Another significant tape/tape deck format was mono. If you collect records, I'm sure you have at least a few mono recordings (enough are being currently produced to prompt cartridge builders to introduce mono versions of some of their stereo models). And if your into jazz, lots of Blue Notes (all the 1500 series ) were originally recorded in mono (can you imagine getting your hands on one of those!). There are actually two pretty popular mono formats. One was a full track (full tape width) and 2 track mono (I can't believe that no members jumped on me for forgetting this is the 2 track discussion). The 2 track mono is like a 1/4 track stereo and requires a tape flip to listen to the second side.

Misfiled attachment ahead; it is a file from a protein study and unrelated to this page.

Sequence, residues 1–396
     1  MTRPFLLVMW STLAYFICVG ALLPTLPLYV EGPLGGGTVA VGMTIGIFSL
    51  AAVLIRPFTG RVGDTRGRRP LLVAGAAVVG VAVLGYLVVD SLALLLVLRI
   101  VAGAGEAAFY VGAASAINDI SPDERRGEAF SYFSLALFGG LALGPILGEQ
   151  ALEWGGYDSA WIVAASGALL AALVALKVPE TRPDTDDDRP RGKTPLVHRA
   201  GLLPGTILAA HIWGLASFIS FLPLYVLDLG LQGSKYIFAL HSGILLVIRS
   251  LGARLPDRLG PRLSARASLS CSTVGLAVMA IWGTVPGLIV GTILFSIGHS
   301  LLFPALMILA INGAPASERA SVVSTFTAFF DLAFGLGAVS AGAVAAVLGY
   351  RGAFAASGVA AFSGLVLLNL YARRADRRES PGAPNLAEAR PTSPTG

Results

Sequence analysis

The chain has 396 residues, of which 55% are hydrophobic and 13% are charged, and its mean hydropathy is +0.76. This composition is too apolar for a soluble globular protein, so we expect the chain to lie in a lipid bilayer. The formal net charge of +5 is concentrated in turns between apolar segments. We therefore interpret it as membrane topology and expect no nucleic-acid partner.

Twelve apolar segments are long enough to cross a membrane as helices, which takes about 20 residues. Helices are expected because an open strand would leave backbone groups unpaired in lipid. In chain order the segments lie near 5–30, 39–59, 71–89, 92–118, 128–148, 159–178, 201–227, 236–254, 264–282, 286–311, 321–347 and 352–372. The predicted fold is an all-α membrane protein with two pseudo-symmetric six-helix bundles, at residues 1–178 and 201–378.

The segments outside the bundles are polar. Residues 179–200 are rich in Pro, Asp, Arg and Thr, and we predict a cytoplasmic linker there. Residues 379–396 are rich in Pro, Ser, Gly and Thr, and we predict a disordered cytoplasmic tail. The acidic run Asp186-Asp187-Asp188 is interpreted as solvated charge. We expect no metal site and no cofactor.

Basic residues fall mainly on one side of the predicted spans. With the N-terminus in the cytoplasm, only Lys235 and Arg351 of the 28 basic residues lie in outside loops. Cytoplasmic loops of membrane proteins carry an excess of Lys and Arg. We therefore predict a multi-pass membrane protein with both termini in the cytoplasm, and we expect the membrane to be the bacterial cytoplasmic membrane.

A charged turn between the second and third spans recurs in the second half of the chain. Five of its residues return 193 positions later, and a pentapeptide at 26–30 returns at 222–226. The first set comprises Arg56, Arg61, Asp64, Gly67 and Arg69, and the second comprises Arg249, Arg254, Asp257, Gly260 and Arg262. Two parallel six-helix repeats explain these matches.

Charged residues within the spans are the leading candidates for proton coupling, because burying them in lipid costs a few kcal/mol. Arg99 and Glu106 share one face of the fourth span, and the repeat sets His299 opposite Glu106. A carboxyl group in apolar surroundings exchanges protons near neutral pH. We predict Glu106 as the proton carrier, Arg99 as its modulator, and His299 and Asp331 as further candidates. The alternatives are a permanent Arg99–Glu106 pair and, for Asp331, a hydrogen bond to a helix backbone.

There are, of course, lots of other formats such as 24, 16, and 8 channel and some early consumer machines had combination record/playback heads, heads that rotated or raised to have a 3 head 1/4 and 1/2 track playback machine. If anyone has questions regarding these, feel free to ask.

Great stuff, Steve.  Thanks for the time you're putting into this.

Not to devolve too far into head trivia, but there is a class of consumer machine that people may frequently encounter that is NOT compatible with TP tapes. This is the 2 head 1/4 track format where the record and play functions are in one head as you described in "sync" playback using the record head in the last post. In fact some Tascam multitrack (8, 16) use this design too so the signal is always  in sync. It's just harder to optimize record play frequency response and impossible to monitor what you have just recorded on the fly without rewinding with a 2 head (erase, record/playback) system.